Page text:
Websockets are a communication protocol that enables real-time, full-duplex communication between a client (such as a web browser) and a server. Understanding websockets is crucial because they facilitate efficient and persistent communication between clients and servers, particularly in scenarios requiring real-time updates or interactive features.

This article aims to explore a method for horizontally scaling websockets, which can be challenging due to their stateful nature. Our focus will be on explaining the concept of scaling rather than providing a detailed implementation guide.

Understanding the Challenges of Scaling Websockets

Websockets maintain a stateful connection between the client and the server, which becomes particularly challenging in horizontally scaled environments. When multiple clients are connected, and the backend needs to send a message to a specific client, it must determine which of the horizontally scaled services is connected to that particular client. This makes communication more complex and requires a smart way to keep track of connections.

For example:

In this scenario, we have a backend service that needs to communicate with a specific client, Client 1. The challenge arises because the WebSocket service is horizontally scaled into multiple replicas, each managing different client connections.

When “Another backend service” tries to send a message to Client 1, the WebSocket service must correctly identify which replica, in this case, Replica 1, maintains the connection to Client 1. If the WebSocket service incorrectly attempts to connect through Replica 2, it would reach Client 2 instead of Client 1. Thus, it's crucial for the WebSocket service to track which client is connected through which replica to ensure the correct routing of messages.

Effective Horizontal Scaling Strategy for WebSocket Connections

To address the challenge of routing messages correctly in a horizontally scaled WebSocket environment, a solution is to enable each WebSocket service replica to operate independently while still being able to communicate with other replicas.

This means that each replica should have the capability to determine whether an incoming message is relevant to its current connections. If the message is intended for a client connected to a different replica, the replica receiving the message should have a method to forward the message to the correct replica. This requires a coordination mechanism among replicas, ensuring that messages are routed accurately to the client they are meant for, regardless of which replica initially receives the message.

Implementing a broadcast mechanism is a feasible solution to manage message routing among replicas in a horizontally scaled WebSocket service. Here’s how it would work:

  1. Broadcast Incoming Messages: Whenever any replica receives a message, it broadcasts this message to all other replicas in the WebSocket service.
  2. Evaluate Message Relevance: Each replica, upon receiving a broadcasted message, evaluates whether the message pertains to any of its connected clients.
  3. Ignore or Process: If the message is relevant to a client connected to the replica, it processes the message accordingly. If not, the replica simply ignores the message.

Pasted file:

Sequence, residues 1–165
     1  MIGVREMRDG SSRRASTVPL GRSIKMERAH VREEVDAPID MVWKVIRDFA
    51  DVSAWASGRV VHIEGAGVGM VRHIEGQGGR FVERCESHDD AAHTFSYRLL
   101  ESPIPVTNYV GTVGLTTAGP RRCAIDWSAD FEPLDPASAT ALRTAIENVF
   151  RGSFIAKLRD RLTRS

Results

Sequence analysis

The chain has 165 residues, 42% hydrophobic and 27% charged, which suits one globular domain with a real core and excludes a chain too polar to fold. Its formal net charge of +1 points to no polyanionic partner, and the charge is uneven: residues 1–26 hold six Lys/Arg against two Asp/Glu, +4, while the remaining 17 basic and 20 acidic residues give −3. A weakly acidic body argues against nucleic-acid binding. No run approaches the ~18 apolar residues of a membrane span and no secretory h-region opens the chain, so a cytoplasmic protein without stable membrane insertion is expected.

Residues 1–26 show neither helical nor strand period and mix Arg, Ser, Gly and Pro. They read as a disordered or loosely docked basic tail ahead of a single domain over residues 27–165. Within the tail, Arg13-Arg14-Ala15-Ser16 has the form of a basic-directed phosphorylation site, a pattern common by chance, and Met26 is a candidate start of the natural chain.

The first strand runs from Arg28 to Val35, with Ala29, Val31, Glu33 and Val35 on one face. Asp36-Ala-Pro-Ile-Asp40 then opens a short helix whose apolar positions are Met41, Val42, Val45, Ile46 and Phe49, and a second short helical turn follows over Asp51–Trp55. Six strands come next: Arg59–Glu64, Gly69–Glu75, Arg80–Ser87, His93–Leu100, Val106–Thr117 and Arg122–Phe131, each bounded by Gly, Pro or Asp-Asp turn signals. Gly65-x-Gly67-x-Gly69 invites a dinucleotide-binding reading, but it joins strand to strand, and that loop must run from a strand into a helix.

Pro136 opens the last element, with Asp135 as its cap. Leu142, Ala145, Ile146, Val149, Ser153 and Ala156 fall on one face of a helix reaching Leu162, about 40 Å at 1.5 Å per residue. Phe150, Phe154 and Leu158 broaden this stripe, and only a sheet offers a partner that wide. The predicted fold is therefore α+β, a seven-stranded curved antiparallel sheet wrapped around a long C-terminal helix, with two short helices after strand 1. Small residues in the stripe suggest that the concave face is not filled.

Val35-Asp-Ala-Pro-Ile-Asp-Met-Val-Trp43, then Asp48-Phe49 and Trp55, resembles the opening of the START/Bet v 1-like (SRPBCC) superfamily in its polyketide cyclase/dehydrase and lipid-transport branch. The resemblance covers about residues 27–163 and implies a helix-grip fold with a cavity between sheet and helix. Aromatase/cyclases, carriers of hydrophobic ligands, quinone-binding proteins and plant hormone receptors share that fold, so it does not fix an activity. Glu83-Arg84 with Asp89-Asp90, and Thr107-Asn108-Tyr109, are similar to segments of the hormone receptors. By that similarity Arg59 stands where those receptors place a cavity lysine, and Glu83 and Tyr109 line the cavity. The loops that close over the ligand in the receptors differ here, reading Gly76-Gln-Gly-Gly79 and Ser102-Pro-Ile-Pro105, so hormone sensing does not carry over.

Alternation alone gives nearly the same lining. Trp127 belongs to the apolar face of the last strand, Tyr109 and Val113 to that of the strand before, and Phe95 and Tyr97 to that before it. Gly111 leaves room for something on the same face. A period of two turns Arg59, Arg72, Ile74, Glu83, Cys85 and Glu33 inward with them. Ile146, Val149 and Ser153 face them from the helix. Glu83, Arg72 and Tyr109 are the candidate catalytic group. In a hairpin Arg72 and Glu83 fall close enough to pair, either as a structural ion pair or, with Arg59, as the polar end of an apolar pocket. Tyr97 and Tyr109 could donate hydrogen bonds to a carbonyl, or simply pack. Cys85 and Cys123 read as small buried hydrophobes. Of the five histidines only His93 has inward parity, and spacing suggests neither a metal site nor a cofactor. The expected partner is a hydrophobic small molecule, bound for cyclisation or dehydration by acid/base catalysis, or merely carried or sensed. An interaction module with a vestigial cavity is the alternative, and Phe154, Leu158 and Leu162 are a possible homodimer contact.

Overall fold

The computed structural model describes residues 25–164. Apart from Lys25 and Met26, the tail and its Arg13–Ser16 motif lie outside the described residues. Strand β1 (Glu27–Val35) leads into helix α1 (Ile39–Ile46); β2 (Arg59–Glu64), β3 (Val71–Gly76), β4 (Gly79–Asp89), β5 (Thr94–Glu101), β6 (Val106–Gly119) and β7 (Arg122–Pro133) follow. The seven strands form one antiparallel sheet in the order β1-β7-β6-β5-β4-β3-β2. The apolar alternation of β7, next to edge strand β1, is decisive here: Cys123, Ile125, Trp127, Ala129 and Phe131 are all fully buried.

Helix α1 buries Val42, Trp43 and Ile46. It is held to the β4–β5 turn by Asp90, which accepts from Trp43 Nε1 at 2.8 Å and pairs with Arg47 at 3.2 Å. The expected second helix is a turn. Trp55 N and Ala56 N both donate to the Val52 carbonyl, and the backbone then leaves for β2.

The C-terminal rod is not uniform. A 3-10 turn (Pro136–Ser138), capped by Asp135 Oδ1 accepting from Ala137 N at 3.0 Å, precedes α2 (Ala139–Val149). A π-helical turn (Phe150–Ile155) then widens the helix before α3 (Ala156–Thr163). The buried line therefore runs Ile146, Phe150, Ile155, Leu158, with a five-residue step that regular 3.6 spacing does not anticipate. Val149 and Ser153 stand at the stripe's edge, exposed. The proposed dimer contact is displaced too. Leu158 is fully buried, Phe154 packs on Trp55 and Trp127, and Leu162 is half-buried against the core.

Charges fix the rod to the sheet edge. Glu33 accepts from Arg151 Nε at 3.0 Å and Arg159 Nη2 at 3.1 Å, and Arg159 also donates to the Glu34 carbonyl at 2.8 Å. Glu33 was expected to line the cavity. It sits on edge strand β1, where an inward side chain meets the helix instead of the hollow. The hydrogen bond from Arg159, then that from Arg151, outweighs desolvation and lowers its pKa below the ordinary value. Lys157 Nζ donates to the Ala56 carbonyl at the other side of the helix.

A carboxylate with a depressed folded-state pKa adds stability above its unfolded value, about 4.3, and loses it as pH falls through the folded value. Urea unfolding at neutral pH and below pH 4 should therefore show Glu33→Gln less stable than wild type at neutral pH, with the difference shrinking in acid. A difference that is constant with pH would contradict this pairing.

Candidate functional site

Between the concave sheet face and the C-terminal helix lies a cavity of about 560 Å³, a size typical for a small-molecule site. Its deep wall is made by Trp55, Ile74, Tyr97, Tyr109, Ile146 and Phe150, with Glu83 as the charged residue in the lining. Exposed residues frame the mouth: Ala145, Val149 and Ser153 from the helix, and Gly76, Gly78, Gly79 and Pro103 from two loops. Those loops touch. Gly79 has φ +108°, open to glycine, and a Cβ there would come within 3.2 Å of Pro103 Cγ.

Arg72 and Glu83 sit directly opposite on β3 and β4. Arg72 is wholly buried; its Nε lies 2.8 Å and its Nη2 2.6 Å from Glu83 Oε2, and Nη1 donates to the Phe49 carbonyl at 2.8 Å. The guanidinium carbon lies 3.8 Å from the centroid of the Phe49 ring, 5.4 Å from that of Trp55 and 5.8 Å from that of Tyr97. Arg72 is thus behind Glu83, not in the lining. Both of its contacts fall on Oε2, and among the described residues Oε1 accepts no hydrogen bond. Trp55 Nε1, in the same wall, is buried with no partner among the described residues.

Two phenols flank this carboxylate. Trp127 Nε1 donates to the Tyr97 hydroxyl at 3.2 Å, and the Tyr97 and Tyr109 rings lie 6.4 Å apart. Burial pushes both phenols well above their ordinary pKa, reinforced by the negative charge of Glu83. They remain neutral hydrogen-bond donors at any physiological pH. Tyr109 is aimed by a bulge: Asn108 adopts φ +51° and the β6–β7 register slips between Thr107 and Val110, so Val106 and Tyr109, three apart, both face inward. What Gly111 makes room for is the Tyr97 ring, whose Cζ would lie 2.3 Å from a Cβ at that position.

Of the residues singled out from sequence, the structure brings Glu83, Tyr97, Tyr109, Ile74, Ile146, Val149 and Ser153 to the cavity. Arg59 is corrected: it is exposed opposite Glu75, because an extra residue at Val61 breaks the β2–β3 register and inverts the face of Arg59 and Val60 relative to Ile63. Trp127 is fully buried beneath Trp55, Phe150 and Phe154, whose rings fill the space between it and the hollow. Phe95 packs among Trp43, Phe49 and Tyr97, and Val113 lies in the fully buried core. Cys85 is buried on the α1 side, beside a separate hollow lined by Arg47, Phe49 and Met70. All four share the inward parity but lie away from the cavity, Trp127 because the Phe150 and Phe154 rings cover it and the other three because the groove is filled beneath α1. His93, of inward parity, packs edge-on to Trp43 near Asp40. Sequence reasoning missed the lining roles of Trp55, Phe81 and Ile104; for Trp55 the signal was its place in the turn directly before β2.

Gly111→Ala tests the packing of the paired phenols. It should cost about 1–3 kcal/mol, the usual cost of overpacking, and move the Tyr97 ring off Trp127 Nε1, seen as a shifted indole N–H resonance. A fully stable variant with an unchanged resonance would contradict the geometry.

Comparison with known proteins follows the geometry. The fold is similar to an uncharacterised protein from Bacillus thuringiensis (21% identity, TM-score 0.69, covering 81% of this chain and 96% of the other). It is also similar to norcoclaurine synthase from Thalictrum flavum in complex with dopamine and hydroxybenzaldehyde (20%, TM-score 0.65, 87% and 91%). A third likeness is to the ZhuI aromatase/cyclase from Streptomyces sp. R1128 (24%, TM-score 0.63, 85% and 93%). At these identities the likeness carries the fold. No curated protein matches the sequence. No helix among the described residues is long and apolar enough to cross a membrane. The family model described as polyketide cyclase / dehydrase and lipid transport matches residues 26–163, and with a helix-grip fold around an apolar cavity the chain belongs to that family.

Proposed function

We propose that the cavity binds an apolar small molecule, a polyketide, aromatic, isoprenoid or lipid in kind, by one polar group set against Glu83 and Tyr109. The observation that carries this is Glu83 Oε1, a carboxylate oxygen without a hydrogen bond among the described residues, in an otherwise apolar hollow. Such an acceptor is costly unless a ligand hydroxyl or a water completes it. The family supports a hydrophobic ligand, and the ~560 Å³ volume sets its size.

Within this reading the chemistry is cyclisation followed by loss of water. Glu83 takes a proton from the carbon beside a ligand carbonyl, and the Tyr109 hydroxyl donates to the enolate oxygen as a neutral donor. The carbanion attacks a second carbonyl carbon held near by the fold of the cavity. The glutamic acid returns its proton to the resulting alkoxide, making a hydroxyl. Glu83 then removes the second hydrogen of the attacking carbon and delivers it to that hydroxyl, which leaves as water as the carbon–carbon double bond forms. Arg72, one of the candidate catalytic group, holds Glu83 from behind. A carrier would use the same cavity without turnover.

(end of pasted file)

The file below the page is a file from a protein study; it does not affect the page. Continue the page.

This approach ensures that every message reaches the appropriate client, regardless of which replica initially received it. However, it's important to consider the potential for increased network traffic and the need for efficient filtering mechanisms to handle irrelevant messages, to avoid overloading the replicas with unnecessary processing tasks.

Following image shows an example implementation of this idea

This diagram illustrates the process of routing a message from "Another backend service" to Client 3 within a horizontally scaled WebSocket environment utilizing a publish/subscribe (pub/sub) queue system.

Here's a step-by-step breakdown:

  1. Initial Message Sending: "Another backend service" sends a message intended for Client 3. This message is initially received by one of the WebSocket service replicas, in this case, Replica 1.
  2. Publish to Pub/Sub Queue: Replica 1 doesn't handle Client 3 directly but knows it needs to ensure the message reaches the correct client. Thus, it publishes the message to the centralized Pub/Sub Queue.
  3. Broadcast to All Replicas: The Pub/Sub Queue then broadcasts this message to all subscribed replicas, which in this scenario are Replica 1, Replica 2, and Replica 3.
  4. Evaluation by Replicas: Each replica evaluates the incoming message to determine if it is relevant to any of the clients it directly manages.
    • Replica 1 checks and determines the message is not for Client 1.
    • Replica 2 checks and determines the message is not for Client 2.
    • Replica 3 recognizes that the message is intended for Client 3, which it manages.
  5. Message Delivery:Upon recognizing its relevance, Replica 3 accepts the message and forwards it to Client 3.

This setup illustrates a robust mechanism where messages can be effectively routed across multiple service replicas, ensuring that even in a scaled environment, communication remains precise and reliable. The pub/sub model facilitates a scalable architecture by decoupling the message sending and receiving duties, allowing replicas to independently handle only relevant communications.

This method significantly enhances the system's efficiency by minimizing unnecessary message handling and processing across the service replicas.

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